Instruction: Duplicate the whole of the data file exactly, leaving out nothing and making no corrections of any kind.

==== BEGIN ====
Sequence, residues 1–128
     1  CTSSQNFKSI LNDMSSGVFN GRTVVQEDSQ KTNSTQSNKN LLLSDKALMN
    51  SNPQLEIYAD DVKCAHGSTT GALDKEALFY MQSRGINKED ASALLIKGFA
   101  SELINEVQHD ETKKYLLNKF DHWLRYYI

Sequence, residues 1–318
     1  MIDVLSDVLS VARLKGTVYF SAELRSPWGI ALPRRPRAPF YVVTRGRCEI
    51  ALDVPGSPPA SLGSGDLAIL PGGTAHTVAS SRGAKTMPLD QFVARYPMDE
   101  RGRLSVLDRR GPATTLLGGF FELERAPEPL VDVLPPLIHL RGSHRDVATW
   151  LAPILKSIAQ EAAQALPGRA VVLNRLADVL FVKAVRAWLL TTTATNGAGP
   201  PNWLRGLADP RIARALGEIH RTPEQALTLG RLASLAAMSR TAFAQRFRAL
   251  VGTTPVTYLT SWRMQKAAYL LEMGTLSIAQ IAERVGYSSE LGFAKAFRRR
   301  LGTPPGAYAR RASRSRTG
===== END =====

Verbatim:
Sequence, residues 1–128
     1  CTSSQNFKSI LNDMSSGVFN GRTVVQEDSQ KTNSTQSNKN LLLSDKALMN
    51  SNPQLEIYAD DVKCAHGSTT GALDKEALFY MQSRGINKED ASALLIKGFA
   101  SELINEVQHD ETKKYLLNKF DHWLRYYI

Sequence, residues 1–318
     1  MIDVLSDVLS VARLKGTVYF SAELRSPWGI ALPRRPRAPF YVVTRGRCEI
    51  ALDVPGSPPA SLGSGDLAIL PGGTAHTVAS SRGAKTMPLD QFVARYPMDE
   101  RGRLSVLDRR GPATTLLGGF FELERAPEPL VDVLPPLIHL RGSHRDVATW
   151  LAPILKSIAQ EAAQALPGRA VVLNRLADVL FVKAVRAWLL TTTATNGAGP
   201  PNWLRGLADP RIARALGEIH RTPEQALTLG RLASLAAMSR TAFAQRFRAL
   251  VGTTPVTYLT SWRMQKAAYL LEMGTLSIAQ IAERVGYSSE LGFAKAFRRR
   301  LGTPPGAYAR RASRSRTG